With more than 500,000 books, records, games, CDs, DVDs, paintings, posters, puzzles, magazines and more, there’s something for everyone at the semi-annual Friends of the Library book sale. But when the nonprofit’s current president, Jonathan van Blokland, looks back on his years working the event, he’s most enraptured by the people.
Van Blokland, 81, has been involved with Friends of the Library since 2008, collecting memories from more than 20 book sales and thousands of interactions.
He said he likes to work his way through the crowds and get to know the visitors — old and young, individuals and families, first-timers and seasoned veterans. He recalled meeting people who traveled from out of state and camped out in front of the building in anticipation. He recognized a family of four or five kids that seemed to grow in size each visit.
His favorite interaction was with an older local couple who attended every day of the sale for 20 years without ever missing a single one.
“In the years I’ve been there, I really cannot find anybody to dislike,” van Blokland said. “Find a nice fellow who likes books, and you’ll be happy the rest of your life.”
Friends of the Library, located at 430-B N Main St., hosted its first in-person book sale since Fall 2019 Saturday, kicking off the five-day comeback event that will last until Wednesday. Hours for all upcoming days are noon to 6 p.m. For the first time in the sale’s history, customers are able to pay with credit card, in addition to cash and check.
Items will continue to be sold at their original prices, ranging from 25 cents to $4, on Monday. Tuesday, items will be sold at half-price, and on Wednesday, items will be priced at only 10 cents. The Collector’s Corner, which features signed and first-edition copies of books, is open the first four days of the sale and houses the only items listed outside the original price range.
The sale is run entirely by a force of close to 100 volunteers, some who traveled from out of state to help. Hundreds of books and other items — all donated by the community — are stored in cardboard boxes, ready to replenish the sale stock whenever needed. Profits are donated to the Alachua County Library District.
As the largest of its kind in Florida and one of the largest in the southeastern United States, the book sale is especially significant in its contribution to the Alachua County Library District. Friends of the Library has been supporting ACLD since after its first sale in 1954.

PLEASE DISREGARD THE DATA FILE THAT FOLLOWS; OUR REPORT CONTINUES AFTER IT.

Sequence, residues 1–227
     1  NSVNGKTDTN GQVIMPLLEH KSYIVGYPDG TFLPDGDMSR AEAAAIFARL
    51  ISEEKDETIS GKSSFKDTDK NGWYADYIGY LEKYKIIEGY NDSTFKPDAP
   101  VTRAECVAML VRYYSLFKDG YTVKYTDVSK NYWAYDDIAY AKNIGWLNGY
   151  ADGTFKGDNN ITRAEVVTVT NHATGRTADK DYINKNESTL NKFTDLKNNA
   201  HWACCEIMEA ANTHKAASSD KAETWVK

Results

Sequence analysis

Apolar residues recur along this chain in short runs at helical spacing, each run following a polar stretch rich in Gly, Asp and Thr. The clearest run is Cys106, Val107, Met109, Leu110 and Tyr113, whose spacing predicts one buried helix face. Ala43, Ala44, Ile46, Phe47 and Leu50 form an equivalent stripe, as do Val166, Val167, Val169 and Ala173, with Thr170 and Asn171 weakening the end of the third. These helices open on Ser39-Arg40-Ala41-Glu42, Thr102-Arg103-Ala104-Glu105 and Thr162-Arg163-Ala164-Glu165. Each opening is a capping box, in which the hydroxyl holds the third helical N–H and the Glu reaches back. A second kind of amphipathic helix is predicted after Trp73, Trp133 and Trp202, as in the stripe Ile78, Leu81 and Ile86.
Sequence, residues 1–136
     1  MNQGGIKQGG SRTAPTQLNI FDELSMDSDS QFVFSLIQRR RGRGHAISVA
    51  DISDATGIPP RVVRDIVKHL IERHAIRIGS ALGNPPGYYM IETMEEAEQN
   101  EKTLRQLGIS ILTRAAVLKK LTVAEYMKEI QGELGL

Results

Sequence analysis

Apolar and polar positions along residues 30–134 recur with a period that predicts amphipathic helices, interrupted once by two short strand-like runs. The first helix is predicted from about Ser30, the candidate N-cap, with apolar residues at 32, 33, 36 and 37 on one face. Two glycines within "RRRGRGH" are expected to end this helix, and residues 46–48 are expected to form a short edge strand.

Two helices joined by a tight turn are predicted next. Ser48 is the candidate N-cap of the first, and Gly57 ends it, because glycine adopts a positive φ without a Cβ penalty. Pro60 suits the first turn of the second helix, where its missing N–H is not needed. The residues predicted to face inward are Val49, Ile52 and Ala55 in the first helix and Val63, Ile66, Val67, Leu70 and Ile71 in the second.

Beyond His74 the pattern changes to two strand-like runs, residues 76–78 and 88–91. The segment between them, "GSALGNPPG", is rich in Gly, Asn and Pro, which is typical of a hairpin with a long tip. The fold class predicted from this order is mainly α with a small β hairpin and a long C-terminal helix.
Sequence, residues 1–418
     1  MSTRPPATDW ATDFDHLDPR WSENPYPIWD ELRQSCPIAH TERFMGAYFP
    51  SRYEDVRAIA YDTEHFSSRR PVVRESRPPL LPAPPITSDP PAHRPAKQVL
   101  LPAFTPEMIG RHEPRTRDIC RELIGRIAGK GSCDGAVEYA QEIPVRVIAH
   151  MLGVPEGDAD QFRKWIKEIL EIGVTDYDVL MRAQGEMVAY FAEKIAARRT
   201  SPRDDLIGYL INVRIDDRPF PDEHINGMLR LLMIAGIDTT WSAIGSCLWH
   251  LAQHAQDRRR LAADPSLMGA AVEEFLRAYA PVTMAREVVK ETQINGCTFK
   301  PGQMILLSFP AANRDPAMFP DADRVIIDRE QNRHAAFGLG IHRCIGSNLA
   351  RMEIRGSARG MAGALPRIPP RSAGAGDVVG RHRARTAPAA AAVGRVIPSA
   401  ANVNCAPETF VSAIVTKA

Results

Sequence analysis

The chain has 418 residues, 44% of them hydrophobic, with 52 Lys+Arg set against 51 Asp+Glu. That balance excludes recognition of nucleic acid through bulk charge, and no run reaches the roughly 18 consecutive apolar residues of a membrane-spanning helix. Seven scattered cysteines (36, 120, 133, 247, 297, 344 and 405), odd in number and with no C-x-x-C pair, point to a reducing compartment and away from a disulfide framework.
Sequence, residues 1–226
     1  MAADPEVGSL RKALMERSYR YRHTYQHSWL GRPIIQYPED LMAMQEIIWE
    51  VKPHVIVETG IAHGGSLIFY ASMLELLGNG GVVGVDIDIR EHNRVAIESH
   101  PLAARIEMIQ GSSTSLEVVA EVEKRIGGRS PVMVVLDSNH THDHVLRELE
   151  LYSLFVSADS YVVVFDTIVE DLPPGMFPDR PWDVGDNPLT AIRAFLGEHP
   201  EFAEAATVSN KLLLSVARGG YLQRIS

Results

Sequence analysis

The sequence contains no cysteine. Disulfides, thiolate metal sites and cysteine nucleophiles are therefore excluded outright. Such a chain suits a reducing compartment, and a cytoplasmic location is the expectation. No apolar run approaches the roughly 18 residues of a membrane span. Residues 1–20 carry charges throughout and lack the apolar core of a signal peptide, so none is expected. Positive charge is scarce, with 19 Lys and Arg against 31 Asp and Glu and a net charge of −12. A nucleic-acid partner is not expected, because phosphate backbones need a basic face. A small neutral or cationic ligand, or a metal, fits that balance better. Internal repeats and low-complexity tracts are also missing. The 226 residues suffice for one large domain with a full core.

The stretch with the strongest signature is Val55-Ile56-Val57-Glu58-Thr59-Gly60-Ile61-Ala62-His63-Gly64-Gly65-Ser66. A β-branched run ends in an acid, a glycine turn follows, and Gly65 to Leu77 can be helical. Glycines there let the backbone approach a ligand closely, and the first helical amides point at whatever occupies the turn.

Rachel Cook, Alachua County Library District spokesperson, said Friends of the Library has provided the district with $5.4 million of support since 1986, including $25,119 during the 2020-2021 fiscal year and $351,000 in staff scholarships.
Cook said the profits are used to fund literacy programs, author visits, marketing campaigns and physical materials, among other projects. In the past, profits have been used to add eight quiet reading rooms to eight branches of the library district.
All customers and volunteers at the sale are required to wear masks inside the building, and the number of visitors allowed inside at once is limited to allow for social distancing.
With two years passing since the last in-person sale, van Blokland said he and other Friends of the Library members were initially unsure what the turnout would be — especially on the first day, which he said usually accounts for 70% of the sale’s profits.
“It’s a bit like when you have a baby,” he said. “We just don’t know what sort of baby we’re going to be producing.”
Evidently, the baby was a hit.
Hundreds of customers lined up outside Friends of the Library early Saturday morning, with many visitors arriving long before the building opened at 9 a.m. The line snaked through the parking lot and down Main Street, eventually curving along Sixth Street and around the block.
Groups of all ages and sizes waited in the sun, armed with tote bags, backpacks and cardboard boxes waiting to be filled with books. Some customers camped out the night before, said 83-year-old Linda Connell, who’s been volunteering with Friends of the Library for 43 years.
Nadia Jimenez traveled up from Orlando with her mother, Lisa Scott, to attend the book fair with her sister, Maya Jimenez. All three sported tote bags, ready to be filled with books, over their shoulders. For Nadia, 25, and her sister, 21, their trip was just one in a long line of book sale visits over the past few years, but they wanted to bring their mother for her first time.
Nadia graduated from UF in 2018, and she said she’s had luck using the book sale to supplement her growing book collection at an affordable price. She rarely goes in looking for something specific, but she leaves with full duffle bags, regardless.
Maya, who graduated from UF this year, said the book sale is an opportunity to pursue a love of reading in a more environmentally conscious way.
“It’s sustainable,” she said. “You’re giving a book a second life.”
Lilla Moye, 84, who’s been volunteering with Friends of the Library for 25 years, said the popularity of the book sale reflects her hope.
“It goes to show that there are still people who read,” she said.
Contact Veronica Nocera at email@example.com. Follow her on Twitter @vernocera.
Veronica Nocera is a first-year Journalism major with a History minor. This is her first semester on staff for The Alligator, where she works as Avenue News Assistant. She also writes for Rowdy Magazine.